Digging Deep: When the Funds to Protect Chicago from Floods and Water Pollution Evaporated, Stakeholders Saved the Day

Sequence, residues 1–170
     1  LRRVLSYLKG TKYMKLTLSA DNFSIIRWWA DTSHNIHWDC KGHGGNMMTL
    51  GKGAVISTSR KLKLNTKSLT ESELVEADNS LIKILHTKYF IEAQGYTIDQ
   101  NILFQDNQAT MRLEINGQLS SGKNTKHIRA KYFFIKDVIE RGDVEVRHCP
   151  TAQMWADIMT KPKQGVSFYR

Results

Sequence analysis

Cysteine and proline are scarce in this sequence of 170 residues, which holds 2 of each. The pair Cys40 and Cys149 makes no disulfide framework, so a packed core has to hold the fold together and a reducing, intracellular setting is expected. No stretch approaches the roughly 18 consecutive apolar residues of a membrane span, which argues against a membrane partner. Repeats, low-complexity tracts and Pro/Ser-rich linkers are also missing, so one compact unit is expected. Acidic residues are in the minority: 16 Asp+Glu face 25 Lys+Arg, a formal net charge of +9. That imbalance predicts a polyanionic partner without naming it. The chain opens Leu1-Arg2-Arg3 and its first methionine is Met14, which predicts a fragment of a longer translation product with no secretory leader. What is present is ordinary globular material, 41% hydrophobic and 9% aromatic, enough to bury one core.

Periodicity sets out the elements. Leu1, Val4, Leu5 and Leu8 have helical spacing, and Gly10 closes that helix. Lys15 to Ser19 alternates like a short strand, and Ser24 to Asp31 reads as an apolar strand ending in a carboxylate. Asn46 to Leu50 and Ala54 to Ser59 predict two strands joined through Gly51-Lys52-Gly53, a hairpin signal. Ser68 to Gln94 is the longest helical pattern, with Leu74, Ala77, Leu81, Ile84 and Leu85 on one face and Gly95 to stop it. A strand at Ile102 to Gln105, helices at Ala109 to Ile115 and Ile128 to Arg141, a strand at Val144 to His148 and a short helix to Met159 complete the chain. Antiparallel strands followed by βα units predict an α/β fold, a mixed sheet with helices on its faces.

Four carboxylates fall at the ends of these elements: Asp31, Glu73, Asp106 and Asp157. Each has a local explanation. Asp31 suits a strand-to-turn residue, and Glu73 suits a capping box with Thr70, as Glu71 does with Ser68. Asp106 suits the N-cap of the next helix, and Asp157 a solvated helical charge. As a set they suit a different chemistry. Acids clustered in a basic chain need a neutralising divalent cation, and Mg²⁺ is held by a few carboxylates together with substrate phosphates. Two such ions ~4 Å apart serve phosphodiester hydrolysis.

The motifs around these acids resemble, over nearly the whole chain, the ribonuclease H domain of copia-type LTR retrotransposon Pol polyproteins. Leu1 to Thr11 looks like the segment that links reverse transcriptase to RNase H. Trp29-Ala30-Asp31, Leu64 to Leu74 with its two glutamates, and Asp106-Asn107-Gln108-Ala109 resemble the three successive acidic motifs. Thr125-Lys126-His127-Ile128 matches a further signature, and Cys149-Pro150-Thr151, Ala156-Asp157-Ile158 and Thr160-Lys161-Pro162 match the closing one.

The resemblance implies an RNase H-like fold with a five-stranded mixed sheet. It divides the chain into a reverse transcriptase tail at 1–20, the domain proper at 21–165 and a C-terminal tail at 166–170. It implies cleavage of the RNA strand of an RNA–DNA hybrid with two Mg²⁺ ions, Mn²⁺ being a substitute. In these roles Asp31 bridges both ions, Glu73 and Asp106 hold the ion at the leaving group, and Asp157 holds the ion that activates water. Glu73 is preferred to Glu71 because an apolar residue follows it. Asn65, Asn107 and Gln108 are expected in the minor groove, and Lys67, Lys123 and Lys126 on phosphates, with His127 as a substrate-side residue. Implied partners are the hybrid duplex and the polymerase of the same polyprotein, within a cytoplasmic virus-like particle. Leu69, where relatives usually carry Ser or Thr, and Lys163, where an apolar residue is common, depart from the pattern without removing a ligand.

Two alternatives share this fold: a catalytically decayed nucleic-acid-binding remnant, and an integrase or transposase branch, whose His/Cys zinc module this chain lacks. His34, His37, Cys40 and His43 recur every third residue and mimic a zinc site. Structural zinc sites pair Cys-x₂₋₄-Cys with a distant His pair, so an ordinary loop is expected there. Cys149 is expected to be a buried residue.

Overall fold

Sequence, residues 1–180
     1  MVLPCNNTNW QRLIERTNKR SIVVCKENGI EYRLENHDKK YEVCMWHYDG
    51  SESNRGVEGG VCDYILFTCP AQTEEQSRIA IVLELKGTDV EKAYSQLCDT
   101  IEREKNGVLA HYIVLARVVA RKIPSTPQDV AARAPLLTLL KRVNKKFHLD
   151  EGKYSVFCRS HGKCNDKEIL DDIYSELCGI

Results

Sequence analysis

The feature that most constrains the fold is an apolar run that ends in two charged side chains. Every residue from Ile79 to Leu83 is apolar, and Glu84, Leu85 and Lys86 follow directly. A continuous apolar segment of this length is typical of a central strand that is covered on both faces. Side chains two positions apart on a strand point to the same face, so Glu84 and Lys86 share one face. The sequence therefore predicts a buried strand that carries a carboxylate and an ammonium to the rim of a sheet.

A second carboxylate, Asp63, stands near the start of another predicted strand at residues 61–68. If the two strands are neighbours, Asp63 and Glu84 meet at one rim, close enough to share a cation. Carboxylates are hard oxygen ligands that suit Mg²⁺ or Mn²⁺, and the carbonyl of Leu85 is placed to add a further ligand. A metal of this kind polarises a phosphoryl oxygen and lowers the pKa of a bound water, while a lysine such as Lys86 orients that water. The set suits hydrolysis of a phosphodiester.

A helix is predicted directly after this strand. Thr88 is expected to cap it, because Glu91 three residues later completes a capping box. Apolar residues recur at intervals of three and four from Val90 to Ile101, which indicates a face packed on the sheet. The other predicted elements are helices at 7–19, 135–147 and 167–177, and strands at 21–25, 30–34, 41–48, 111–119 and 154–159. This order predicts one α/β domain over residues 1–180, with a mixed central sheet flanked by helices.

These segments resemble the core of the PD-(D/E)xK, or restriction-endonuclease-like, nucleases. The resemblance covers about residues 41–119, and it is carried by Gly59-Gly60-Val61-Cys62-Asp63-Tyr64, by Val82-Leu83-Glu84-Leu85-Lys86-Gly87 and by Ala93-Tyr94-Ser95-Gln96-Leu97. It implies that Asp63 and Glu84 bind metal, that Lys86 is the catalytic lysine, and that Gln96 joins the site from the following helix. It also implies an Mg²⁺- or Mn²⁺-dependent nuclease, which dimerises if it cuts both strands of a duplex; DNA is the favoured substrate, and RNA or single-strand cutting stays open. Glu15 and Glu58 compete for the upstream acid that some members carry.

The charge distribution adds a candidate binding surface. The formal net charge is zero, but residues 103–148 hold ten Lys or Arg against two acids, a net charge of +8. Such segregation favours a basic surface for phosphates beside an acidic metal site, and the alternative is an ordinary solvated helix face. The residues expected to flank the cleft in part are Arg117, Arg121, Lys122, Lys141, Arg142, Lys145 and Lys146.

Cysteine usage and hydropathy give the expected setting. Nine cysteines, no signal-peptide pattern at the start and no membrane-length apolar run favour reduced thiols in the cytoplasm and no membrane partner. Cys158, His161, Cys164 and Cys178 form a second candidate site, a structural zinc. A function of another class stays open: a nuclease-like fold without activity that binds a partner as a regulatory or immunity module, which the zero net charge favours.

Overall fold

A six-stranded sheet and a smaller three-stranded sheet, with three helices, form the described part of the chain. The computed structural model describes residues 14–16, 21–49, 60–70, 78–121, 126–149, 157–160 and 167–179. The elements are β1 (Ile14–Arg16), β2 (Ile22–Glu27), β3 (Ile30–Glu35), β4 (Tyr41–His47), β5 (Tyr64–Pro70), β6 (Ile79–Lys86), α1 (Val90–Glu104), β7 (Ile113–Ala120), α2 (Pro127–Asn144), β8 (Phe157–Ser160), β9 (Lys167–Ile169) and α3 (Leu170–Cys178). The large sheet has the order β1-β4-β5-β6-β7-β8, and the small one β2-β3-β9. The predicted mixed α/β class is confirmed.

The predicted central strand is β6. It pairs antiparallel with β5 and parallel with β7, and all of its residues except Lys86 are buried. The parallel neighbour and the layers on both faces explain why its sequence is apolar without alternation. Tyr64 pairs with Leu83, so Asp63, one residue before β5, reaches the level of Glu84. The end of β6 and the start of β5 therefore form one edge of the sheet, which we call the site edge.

Large, multi-year projects funded by the United States Government face the challenge of working with budgets allotted in relation to fiscal periods instead throughout a project's duration. This approach allows the government to withdraw such funding at anytime if the project fails to meet federal performance requirements. This article examines a response to federal budget cuts for one such project, the Tunnel and Reservoir Plan (TARP), a multi-decade effort to create--for the citizens of Chicago (IL, USA) and its surrounding suburbs--a series of underground tunnels, reservoirs, and pollution control systems for capturing and treating excess storm water and sewage. It explains how representatives from the Water Reclamation District and the University of Illinois at Chicago joined forces to reduce the project's costs and subsequently raise its cost-benefit ratio from below three to above four, a reduction that allowed the project to once again obtain the federal funding it needed, funding it lost when its cost-
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